It was pretty surreal honestly, especially playing with Franz Ferdinand. It was a last minute offer from them and I grew up loving their music, theirs were probably some of the first songs I ever learned to play on guitar, so when we found we had the gig I was jumping around my house with excitement trying to find people to tell. The Preatures show was also pretty amazing, I think it was our second or third show ever so we were pretty nervous to play so soon with a band we respected so much. Both these bands were some of the nicest and most generous people we could’ve hoped to have played with, the level of professionalism and talent was incredibly inspiring.
The track ‘I Won’t Wait’ was released on vinyl. A lot of bands are now choosing to release their music be it albums or first EP’s on vinyl; are the days of compact discs truly over?
Maybe for the moment but these things always come in cycles, I think more and more bands are even releasing stuff on tape these days. I started collecting records because I remember how proud my dad was of his vinyls and wanted to maybe one day show something like that to my kids, instead of an ipod full of songs or a burnt cd or something. It’s always nice to have something to hold, and most vinyls these days usually come with free mp3 downloads (which is pretty handy).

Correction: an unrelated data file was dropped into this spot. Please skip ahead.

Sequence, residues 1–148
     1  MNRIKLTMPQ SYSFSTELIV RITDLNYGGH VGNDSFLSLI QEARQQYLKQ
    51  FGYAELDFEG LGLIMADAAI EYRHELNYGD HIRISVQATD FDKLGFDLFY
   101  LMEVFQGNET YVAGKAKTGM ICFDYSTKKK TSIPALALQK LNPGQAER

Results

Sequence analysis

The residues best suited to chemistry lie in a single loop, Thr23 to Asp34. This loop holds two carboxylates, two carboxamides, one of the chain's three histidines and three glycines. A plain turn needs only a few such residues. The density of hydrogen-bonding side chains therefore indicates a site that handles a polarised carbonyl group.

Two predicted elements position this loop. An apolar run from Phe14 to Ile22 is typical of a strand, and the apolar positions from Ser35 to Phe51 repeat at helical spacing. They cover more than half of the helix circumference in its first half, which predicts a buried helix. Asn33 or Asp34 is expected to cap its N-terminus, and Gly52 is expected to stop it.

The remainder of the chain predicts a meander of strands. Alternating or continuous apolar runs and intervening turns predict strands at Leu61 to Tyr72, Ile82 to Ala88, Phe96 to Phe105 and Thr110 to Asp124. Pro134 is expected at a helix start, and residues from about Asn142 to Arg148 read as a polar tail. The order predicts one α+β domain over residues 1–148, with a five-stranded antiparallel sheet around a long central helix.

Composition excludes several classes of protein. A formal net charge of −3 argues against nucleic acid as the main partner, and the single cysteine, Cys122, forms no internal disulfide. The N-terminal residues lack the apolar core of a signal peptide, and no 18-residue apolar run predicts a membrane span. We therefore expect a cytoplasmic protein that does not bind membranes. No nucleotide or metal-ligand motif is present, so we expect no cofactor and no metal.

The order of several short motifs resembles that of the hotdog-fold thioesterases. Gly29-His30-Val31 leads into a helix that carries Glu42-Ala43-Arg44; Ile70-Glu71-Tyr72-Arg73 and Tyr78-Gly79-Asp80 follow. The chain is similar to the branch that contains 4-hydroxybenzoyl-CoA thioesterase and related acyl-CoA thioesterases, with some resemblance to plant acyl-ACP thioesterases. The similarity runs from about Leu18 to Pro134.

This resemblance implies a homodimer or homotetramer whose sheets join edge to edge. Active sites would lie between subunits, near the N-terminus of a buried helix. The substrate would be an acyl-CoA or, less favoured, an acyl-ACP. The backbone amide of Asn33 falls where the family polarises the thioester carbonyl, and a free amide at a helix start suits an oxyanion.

Signing to Liberation Music; i’m not going to ask how it feels, because obviously it’s pretty satisfying. How hard is it for an unsigned band to make their way into the music industry i.e. how hard was it for The Creases until this deal?
Haha, yeah definitely feels pretty good. We were incredibly lucky with this band to be ‘discovered’ incredibly early into our career. It must’ve been so hard for bands in the days before blogs and the internet, im not sure exactly how you would go about getting noticed. In saying that though we did work really hard to get where we are today and were also insanely lucky to land our manager Maggie, one of the hardest working ladies in Brisbane.
Having played recently at The Great Escape Festival, did you find the reception and or vibe to be different in the UK to Australia?
The Great Escape festival was pretty amazing, Brighton is definitely one of the coolest places I’ve ever been. The shows felt pretty similar to home the vibe of the festival in general was really different. The closest thing we have back home is Brisbane’s Bigsound festival which doesn’t quite take over the city as much, although it is still pretty young. Everyone in Brighton knew about Great Escape and there were so many international artists and things today outside of shows, I would love to go back again one day.